Bowmore String Quartet nr. 2

Composed in



string quartet


First performance
May 5, 1995 at deSingel in Antwerp (B) by the DANEL String Quartet.

Lantro Music

Luc on “Bowmore” :

This composition was written in 1995 on commission of deSingel for the Danel String Quartet, who first performed the work on May 4 of that year. The score is dedicated to my friend (and whisky-lover) Godfried Van Heymbeeck. “Bowmore” is my fourth single malt whisky piece (at this moment one has followed : OBAN). “More bow” means what it means (in English) and it was clear for me from the start that this title was very suitable for a string quartet. This work has – for the first time in my oeuvre – an actual link to Scotland, because of the use of melodies which are very probably composed by the Scottish poet Robert Burns (1759 – 1796). The work consists of three movements. The first begins quite nervously with a solo for the viola (the viola part remains the most important one in the whole piece), accompanied by the others playing very softly in harmonics “Afton Water” by Burns. After some time the first violin goes along with the viola in the same rhythm. The others join in one by one (remaining with Burns before) and they all play in a rhythmic unison. Towards the end the “modulations” are if it were conducted by the melody of the Burns-song. The viola ends alone with the opening notes. The second movement is extremely calm and quiet, everything evolves very slowly. In this part the viola quotes two times “Then Guidwife count the lawin” by Burns. Here and there are more or less aleatoric fragments of which the notes refer to the viola part. The last movement is a kind of hommage to two aesthetically totally opposed collegues whose music I very much appreciate : Steve Reich and Pierre Boulez. On one hand there is a motoric/repetitive element that desintegrates a little towards the end and on the other hand a quite hectic arco-pizzicato change which by the way also refers to the first movement. Two tunes by Burns are integrated here : first “Highland laddie” and subsequently “I’ll ay ca’in by yon town”. Just before the end the two violinists go their own way (as well in the proper as in the figurative sense : then they perform the two Burns-tunes in an aleatoric version) and the piece ends with a slightly different form of the opening measure, again played by the viola solo. So everything stops as it begun…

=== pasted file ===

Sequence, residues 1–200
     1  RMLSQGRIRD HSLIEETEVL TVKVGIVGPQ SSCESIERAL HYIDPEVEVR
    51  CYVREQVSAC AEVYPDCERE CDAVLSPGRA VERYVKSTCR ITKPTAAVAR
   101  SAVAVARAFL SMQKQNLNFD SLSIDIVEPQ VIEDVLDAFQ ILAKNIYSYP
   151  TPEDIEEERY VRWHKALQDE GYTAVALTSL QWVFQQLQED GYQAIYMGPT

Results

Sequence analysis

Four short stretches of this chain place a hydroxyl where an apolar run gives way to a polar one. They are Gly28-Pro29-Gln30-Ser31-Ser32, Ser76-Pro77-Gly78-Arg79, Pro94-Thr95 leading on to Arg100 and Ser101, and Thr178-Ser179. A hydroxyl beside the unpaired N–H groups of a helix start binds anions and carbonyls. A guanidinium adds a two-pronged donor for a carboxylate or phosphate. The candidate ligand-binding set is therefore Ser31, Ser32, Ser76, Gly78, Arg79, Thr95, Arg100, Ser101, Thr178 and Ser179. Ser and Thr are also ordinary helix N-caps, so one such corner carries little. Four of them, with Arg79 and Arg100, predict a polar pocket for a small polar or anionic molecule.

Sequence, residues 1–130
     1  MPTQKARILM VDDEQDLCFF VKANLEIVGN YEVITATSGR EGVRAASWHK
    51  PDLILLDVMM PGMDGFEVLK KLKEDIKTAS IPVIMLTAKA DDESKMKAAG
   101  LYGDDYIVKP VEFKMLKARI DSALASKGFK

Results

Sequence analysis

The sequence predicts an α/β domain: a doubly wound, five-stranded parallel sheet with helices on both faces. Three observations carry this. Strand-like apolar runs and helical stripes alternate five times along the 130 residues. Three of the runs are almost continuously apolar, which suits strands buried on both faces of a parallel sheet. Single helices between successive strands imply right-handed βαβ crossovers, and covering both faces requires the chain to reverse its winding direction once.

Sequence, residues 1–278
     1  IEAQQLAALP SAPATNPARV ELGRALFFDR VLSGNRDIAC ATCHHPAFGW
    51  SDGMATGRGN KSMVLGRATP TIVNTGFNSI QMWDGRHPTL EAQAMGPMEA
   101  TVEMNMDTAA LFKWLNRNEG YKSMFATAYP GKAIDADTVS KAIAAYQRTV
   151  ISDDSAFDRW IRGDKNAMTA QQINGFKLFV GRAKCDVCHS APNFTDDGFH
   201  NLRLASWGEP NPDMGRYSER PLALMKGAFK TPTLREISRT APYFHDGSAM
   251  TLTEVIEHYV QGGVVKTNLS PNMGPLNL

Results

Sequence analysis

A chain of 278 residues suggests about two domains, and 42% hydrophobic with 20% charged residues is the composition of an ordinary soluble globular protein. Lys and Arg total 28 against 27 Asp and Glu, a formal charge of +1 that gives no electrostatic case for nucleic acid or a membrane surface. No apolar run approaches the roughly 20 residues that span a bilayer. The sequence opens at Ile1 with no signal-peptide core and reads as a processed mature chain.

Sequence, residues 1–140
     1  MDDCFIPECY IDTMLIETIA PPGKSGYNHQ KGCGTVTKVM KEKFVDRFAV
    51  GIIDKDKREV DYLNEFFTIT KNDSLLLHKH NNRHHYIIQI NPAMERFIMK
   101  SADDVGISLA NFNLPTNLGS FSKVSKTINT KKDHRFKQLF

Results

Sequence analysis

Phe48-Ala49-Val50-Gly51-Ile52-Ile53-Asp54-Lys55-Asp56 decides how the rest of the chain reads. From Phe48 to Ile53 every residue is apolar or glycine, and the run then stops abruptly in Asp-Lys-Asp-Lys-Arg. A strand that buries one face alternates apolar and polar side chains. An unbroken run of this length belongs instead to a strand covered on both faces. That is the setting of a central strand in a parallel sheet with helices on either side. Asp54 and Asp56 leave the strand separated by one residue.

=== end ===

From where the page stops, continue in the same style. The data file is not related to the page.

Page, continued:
Luc Brewaeys